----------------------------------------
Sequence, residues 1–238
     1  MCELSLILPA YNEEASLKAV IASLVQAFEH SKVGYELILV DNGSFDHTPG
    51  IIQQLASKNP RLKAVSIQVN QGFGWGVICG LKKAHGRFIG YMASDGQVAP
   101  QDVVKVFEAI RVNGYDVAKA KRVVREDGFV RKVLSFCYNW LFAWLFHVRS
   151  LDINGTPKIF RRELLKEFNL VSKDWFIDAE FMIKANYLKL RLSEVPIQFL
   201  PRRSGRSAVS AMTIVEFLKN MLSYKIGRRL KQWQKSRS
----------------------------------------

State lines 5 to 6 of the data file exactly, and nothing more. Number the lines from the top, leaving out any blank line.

   151  LDINGTPKIF RRELLKEFNL VSKDWFIDAE FMIKANYLKL RLSEVPIQFL
   201  PRRSGRSAVS AMTIVEFLKN MLSYKIGRRL KQWQKSRS